The world's most revolting cakes - in pictures. Food industry loses true visionary. Former Kraft Foods chief scientist Dr Keith Farrer.
KEITH Farrer, one of Australia's greatest food industry scientists, whose work was regarded highly internationally, has died at an aged-care facility in Croydon. He was 96. Farrer, whose 43-year career with Kraft Foods Ltd included being chief scientist and the senior technical executive responsible for research and development, oversaw the development of a raft of new products and the development of others. He was on numerous scientific committees, institutes and associations, assisted several government ministries, instrumentalities and departments ranging from defence to education and science, the environment and foreign affairs, and including a long-standing secondment to the federal Department of Health as an adviser on food additives.
Advertisement. From damper to dial-a-pizza - Features. Australian cuisine has come a long way since 1788, from cook to celebrity chef, tucker to dukkah.
Nutritionist Nicole Senior looks at our evolution into a modern, multicultural food nation. A Cook's journey The First Fleet arrived in Sydney in 1788 with basic food supplies, including flour, sugar, butter, rice, pork and beef, expecting to grow food when they arrived. When they landed, however, they found that the soil around Sydney Harbour was so poor they headed west to Parramatta to establish farms. They also traded their stodgy offerings for bush tucker from the local Aborigines, but the European palate didn't take to this unfamiliar fare very well and relied on food arriving by ship. Some of our early explorers, doggedly trying to stick to these ship-borne rations, actually owed their survival to the local Aboriginal people who fed them. Gruel Brittania Mmm...meat Multicultural melting pot Need-it-now basis Cafe society.
6535.0 - Household Expenditure Survey, Australia: Detailed Expenditure Items, 1998-99. In the 12 months to June 1999, Australian households spent an average of $699 each week on goods and services.
Half of this was spent on food, transport and housing. Average household expenditure on food and non-alcoholic beverages was $127 per week. The most significant items of food expenditure were: meals out and fast foods, $34 per week, with fast food and takeaway accounting for $19 of this; meat (excluding fish and seafood) ($16); bakery products, flours and cereals ($15), the largest components being bread ($6), cakes, tarts and puddings ($3) and biscuits ($3); and condiments, confectionery, food additives and prepared meals ($15), more than half of which was spent on confectionery ($8).AVERAGE WEEKLY HOUSEHOLD EXPENDITURE ON FOOD AND NON-ALCOHOLIC BEVERAGES Expenditure on transport amounted to $118 per week.
Current housing costs amounted to $97 per week. 4814.0.55.001 - Occasional Paper: Measuring Dietary Habits in the 2001 National Health Survey, Australia, 2001. 1.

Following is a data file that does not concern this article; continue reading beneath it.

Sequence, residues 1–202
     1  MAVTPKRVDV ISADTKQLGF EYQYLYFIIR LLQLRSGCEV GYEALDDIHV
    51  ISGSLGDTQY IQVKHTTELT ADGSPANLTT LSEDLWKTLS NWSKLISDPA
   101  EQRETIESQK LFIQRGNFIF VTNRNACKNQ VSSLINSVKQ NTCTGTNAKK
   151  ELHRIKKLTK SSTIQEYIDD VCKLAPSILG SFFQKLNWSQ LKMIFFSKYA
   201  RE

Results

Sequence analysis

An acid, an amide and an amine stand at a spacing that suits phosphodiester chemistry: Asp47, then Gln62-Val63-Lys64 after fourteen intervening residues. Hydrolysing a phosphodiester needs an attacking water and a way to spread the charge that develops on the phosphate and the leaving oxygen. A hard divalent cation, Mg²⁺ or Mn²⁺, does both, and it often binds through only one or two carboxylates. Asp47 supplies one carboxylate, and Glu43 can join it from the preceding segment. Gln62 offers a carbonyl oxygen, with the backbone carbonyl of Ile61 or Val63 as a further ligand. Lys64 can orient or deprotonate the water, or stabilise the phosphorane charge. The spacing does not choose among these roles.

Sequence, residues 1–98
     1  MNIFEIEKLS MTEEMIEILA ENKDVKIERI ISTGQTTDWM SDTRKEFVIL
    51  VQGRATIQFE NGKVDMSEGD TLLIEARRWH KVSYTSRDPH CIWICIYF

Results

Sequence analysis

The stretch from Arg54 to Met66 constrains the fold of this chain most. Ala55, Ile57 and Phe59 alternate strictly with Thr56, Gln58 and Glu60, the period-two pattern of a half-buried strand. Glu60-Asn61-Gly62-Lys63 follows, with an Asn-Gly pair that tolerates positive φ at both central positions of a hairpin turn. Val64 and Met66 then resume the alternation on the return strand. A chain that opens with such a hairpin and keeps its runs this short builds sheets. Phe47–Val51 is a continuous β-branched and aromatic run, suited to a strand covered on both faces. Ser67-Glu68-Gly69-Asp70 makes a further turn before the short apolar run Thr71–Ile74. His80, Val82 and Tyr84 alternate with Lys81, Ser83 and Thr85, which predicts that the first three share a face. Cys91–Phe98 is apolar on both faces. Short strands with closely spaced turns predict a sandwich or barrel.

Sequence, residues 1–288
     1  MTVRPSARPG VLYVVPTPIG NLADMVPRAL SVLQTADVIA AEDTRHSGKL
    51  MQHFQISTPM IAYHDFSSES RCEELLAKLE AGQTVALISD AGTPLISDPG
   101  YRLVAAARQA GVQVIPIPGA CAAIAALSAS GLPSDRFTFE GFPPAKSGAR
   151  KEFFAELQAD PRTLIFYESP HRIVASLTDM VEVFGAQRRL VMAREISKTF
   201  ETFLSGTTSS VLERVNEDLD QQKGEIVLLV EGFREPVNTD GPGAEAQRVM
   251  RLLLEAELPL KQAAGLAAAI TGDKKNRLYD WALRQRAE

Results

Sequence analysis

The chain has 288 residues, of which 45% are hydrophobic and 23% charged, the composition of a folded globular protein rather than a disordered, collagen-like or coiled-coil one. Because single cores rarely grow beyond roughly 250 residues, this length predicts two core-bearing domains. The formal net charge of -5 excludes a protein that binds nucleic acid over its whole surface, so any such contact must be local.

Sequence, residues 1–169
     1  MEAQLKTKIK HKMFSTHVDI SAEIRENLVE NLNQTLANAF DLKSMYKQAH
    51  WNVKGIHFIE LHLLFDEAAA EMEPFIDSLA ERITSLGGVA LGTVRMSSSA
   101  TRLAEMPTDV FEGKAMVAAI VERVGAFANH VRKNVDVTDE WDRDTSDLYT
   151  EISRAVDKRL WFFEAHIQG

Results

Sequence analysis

Nutrition concerns the intake of foods and the substances they contain, and their actions and effects within the body. Good nutrition is based on eating a varied and healthy diet relative to physiological needs, which vary with age, sex, and levels of activity. Poor nutrition concerns both under-nutrition (inadequate levels of energy and/or nutrients in the diet) and over-nutrition (where energy intake from the diet exceeds energy expenditure, sometimes leading to overweight and obesity).
Good nutrition can enhance quality of life and contribute to better health outcomes. Poor nutrition adversely affects the development of infants and children and contributes to the development of chronic diseases such as heart disease, diabetes and cancer. 2. 4. 5. 6. 7. The health status of the Australian population;health related behaviours (which includes dietary habits); anduse of health services.8.
Www.tasa.org.au/conferences/conferencepapers09/papers/Makenoglou, Anna.pdf. Generation why: food - ABC South West WA - Australian Broadcasting Corporation. Aboriginal Cultural and Education Centre. Dimensions of need - Staple foods: What do people eat? The sources of food Click here to see the map A staple food is one that is eaten regularly and in such quantities as to constitute the dominant part of the diet and supply a major proportion of energy and nutrient needs.
A staple food does not meet a population's total nutritional needs: a variety of foods is required. This is particularly the case for children and other nutritionally vulnerable groups. Typically, staple foods are well adapted to the growth conditions in their source areas. Staple foods around the world. Foodbank - An Australia Without Hunger. Homepage. Homepage. Food Timeline: food history & vintage recipes. Rising food prices threaten poverty increase - Australia Network's Newsline. Food Blog Design. Marcel Dicke: Why not eat insects? Carolyn Steel: How food shapes our cities.
Birke Baehr: What's wrong with our food system. What The World Eats. Fabulous Food Of Malaysia.